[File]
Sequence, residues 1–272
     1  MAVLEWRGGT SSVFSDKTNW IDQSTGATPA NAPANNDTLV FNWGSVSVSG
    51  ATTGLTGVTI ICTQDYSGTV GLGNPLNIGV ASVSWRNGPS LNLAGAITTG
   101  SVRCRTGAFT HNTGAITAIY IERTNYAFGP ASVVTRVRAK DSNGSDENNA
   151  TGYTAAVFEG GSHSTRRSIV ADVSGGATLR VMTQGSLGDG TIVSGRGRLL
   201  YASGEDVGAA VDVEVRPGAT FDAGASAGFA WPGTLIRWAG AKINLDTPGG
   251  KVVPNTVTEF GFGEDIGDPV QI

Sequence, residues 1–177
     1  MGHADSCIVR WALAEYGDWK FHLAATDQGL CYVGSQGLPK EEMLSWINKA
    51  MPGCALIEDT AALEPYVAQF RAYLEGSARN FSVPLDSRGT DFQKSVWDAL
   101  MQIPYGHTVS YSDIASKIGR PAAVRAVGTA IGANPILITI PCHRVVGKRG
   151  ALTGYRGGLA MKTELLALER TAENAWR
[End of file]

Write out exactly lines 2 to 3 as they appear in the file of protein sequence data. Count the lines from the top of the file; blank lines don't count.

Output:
     1  MAVLEWRGGT SSVFSDKTNW IDQSTGATPA NAPANNDTLV FNWGSVSVSG
    51  ATTGLTGVTI ICTQDYSGTV GLGNPLNIGV ASVSWRNGPS LNLAGAITTG